The inimitable Bruton Smith alluded to more drivers in the Chase on Trackside Live! at Bristol this past Friday evening, and I’m certain this concept is under consideration. Call it the “Dale Junior Rule” if you will, but the basic premise here is for NASCAR to ensure that all the big names (and big sponsors) are represented in the challenge for the championship. Let’s not forget, there’s precedent here: In the first two years of the Chase, only 10 drivers duked it out for the title; in the last four years, it’s been a total of 12. Just in case you’ve forgotten, this “12 rule” was established in the year following both Dale Earnhardt Jr. and Jeff Gordon missing the final field of 10 back in 2005. This year, for example, Mark Martin could likely just miss out, creating the sort of situation NASCAR hopes to avoid. More drivers in the Chase? You can pretty much bet on it.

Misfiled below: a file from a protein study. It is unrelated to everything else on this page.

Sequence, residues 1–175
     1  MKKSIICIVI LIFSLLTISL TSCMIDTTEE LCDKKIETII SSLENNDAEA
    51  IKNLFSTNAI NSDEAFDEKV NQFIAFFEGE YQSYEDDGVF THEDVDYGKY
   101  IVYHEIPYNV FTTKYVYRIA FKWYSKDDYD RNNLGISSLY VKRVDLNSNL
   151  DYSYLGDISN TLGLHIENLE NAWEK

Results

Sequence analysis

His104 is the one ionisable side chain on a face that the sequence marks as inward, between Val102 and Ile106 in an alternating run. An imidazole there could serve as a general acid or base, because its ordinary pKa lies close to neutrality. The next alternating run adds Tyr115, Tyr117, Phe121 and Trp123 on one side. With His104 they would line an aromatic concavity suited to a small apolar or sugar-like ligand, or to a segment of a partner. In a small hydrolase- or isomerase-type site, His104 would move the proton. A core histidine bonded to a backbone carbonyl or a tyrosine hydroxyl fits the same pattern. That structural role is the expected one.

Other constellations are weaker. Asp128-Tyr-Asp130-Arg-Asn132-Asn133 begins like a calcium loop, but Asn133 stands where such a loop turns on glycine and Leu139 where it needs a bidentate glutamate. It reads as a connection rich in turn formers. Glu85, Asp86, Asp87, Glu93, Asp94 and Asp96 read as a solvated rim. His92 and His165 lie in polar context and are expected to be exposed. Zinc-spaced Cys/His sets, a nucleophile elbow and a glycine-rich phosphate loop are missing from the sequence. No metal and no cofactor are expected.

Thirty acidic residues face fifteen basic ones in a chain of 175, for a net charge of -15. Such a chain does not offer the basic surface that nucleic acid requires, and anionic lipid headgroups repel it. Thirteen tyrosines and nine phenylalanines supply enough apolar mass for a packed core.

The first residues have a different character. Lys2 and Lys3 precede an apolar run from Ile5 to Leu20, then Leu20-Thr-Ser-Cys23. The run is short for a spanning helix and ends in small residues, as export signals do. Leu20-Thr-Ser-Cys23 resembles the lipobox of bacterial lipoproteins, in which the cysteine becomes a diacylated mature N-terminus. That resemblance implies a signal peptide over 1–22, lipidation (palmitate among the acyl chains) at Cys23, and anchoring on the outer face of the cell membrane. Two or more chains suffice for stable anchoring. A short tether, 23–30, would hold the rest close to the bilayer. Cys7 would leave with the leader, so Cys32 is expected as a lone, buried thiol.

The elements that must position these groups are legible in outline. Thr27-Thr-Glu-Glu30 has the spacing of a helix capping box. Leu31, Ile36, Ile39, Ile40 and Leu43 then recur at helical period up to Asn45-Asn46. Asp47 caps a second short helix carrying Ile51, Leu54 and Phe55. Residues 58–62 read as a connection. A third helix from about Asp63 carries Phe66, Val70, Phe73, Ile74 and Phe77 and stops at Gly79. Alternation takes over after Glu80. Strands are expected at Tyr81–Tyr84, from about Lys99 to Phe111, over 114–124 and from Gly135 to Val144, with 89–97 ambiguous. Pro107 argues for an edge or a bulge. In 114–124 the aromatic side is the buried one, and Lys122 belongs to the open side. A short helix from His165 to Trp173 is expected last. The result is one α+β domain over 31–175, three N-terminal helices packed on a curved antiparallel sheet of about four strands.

This is an area I haven’t seen discussed a lot, but I have to feel that NASCAR is considering expanding the remit of the Chase – possibly to as many as 12 or 15 races. Now, the rationale here would be to make more of the overall schedule relevant to the actual serious business of deciding a title. Plus, this would have the knock on effect of giving more tracks an all-hallowed “Chase race.” So, whilst I think this adjustment is much less likely than the addition of more drivers, I wouldn’t rule out an expansion in the gamut of the Chase, likely to an initial 12 races… maybe even more.